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Chart of the Week: Greece GDP per capita

Picture of Christopher Dembik
Christopher Dembik

Head of Macroeconomic Research

Summary:  One-time bond-market pariah, Greece has recently joined the list of countries that are getting paid to borrow money in debt markets. A sale of almost half a billion euros of 13-week bills drew a yield of minus 0.02%. Contrary to what have been said here and there, this surprising turnaround is not the signal that the Greek crisis is over.

Actually, it essentially confirms that negative rates on European sovereign bonds are the new normal, partially explained by the ECB purchases on the secondary market and regulatory requirements that automatically increase the demand for sovereign bonds. We have definitively entered into japonisation of the bond market, and this situation is likely to last longer than most expected as QE infinity is taking place. The phenomenon of negative interest rate on Greek debt should not be exaggerated since it only concerns short-term debt. By comparison, Germany can borrow up to 30 years at negative rates and France up to 15 years.

In the case of Greece, it is mistaken to consider that negative rates are the reflection of the return of investor confidence. The Greek indicators are well on track, with strong economic growth expected to reach 1.8% this year, after 1.9% last year, and good resilience of the service and the manufacturing sectors, while other European countries are paying the price of the US-led trade war. Nevertheless, it would be misleading to believe the Greek crisis is over. There are numerous signs of weakness, such as the growing public debt that has increased from 178% of GDP in 2016 to 181% in 2019, social tensions related to high unemployment, a fragile industrial base that makes the economy too dependent on tourism revenues and, above all, a very weak banking sector. This is certainly the most worrying black spot. Until the banking sector recovers, access to credit is restricted which impedes investment. The level of non-performing loans is still very high, at 45% in the first quarter of 2019. This is a long-term issue that will take many more years to be solved by the Greek authorities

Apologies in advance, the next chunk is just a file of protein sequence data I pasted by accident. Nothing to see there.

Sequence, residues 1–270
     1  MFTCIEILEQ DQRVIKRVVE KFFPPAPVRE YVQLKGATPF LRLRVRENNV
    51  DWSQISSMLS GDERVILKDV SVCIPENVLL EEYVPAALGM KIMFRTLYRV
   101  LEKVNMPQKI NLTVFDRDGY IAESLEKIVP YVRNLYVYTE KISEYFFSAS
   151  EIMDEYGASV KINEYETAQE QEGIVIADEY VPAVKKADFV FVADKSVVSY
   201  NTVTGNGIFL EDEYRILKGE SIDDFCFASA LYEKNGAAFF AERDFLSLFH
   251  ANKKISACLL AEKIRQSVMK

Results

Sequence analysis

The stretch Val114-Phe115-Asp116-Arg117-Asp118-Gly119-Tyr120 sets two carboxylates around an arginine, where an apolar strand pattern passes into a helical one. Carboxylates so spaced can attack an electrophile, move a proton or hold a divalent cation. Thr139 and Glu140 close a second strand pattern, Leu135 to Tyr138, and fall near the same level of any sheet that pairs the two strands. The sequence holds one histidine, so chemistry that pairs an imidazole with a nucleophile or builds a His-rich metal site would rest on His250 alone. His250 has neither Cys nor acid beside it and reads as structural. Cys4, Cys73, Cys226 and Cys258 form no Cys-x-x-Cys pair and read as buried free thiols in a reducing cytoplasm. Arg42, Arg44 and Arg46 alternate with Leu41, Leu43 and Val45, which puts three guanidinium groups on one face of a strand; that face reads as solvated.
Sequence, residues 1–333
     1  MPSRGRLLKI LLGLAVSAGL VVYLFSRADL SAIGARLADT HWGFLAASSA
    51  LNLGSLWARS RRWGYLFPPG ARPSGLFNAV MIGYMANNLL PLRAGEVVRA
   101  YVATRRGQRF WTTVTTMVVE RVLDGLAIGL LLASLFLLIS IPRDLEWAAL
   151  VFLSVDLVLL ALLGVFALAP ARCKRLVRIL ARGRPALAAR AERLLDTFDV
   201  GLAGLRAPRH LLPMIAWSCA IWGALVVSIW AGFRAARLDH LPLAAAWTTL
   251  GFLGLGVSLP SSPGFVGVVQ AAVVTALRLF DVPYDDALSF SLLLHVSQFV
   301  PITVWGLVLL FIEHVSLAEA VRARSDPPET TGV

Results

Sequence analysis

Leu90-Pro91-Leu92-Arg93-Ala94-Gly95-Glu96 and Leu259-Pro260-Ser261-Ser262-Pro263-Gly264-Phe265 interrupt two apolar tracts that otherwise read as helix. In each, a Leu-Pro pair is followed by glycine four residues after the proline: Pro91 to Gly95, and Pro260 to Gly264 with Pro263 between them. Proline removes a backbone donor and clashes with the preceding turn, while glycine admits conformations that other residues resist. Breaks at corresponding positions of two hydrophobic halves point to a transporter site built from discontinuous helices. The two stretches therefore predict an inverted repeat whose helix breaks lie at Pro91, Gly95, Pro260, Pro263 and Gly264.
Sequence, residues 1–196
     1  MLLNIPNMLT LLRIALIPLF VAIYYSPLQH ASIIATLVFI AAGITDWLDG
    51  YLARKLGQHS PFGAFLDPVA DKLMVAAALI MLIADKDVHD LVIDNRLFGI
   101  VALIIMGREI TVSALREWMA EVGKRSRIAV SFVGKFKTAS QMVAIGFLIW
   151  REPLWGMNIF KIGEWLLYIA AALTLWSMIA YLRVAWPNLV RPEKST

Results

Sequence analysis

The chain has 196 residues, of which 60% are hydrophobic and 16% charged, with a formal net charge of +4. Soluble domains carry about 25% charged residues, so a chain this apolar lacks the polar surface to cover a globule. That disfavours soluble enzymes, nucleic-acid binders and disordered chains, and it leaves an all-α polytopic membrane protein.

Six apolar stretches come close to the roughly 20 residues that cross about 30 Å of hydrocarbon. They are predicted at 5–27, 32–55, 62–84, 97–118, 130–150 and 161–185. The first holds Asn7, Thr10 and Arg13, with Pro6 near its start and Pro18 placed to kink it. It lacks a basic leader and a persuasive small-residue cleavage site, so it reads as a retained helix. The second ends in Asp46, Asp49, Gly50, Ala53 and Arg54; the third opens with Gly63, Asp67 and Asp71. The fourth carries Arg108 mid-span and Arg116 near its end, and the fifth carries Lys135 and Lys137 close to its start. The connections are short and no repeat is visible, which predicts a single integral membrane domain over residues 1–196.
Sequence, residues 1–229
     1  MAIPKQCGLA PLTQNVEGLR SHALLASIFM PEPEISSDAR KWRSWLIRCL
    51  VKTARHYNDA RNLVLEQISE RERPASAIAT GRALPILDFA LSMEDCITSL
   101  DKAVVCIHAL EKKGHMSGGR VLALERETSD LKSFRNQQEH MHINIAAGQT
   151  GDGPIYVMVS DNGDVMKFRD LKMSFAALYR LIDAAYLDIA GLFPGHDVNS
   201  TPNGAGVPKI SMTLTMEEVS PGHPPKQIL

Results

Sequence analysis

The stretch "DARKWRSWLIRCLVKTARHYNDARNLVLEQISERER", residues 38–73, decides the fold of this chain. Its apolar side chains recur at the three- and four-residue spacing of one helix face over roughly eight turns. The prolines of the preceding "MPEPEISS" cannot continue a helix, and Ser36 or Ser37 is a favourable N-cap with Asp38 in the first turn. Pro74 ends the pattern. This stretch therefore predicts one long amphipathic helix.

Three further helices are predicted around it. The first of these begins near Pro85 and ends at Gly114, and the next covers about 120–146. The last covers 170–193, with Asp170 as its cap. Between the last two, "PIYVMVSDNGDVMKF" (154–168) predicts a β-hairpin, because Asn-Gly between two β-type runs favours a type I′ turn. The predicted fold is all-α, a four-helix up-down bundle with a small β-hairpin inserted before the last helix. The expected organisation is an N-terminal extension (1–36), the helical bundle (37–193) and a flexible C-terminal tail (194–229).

Finally, many doubts can be raised over the country’s ability to recover its pre-crisis level of wealth. Looking at GDP per capita, it was standing at 21,800 euros in 2007, the highest recorded level. Nowadays, it is about 24% below. In recent years, it has tended to stagnate. One can only be pessimistic about the outlook for the coming years given rising risks at the global scale that will inevitably affect the Greek economy.



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